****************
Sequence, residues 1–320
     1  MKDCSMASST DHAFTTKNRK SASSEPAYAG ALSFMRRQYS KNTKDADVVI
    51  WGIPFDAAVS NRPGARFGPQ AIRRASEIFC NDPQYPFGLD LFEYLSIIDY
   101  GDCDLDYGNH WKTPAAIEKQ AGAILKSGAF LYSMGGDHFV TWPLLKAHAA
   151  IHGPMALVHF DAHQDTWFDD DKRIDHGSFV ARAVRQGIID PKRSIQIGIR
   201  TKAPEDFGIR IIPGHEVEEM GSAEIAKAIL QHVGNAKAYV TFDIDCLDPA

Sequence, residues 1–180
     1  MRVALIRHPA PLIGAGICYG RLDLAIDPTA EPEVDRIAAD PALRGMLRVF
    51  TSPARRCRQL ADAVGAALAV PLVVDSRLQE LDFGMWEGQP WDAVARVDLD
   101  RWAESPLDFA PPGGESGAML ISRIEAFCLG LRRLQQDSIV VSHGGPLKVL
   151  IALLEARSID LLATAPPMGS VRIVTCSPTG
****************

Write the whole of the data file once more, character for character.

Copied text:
Sequence, residues 1–320
     1  MKDCSMASST DHAFTTKNRK SASSEPAYAG ALSFMRRQYS KNTKDADVVI
    51  WGIPFDAAVS NRPGARFGPQ AIRRASEIFC NDPQYPFGLD LFEYLSIIDY
   101  GDCDLDYGNH WKTPAAIEKQ AGAILKSGAF LYSMGGDHFV TWPLLKAHAA
   151  IHGPMALVHF DAHQDTWFDD DKRIDHGSFV ARAVRQGIID PKRSIQIGIR
   201  TKAPEDFGIR IIPGHEVEEM GSAEIAKAIL QHVGNAKAYV TFDIDCLDPA

Sequence, residues 1–180
     1  MRVALIRHPA PLIGAGICYG RLDLAIDPTA EPEVDRIAAD PALRGMLRVF
    51  TSPARRCRQL ADAVGAALAV PLVVDSRLQE LDFGMWEGQP WDAVARVDLD
   101  RWAESPLDFA PPGGESGAML ISRIEAFCLG LRRLQQDSIV VSHGGPLKVL
   151  IALLEARSID LLATAPPMGS VRIVTCSPTG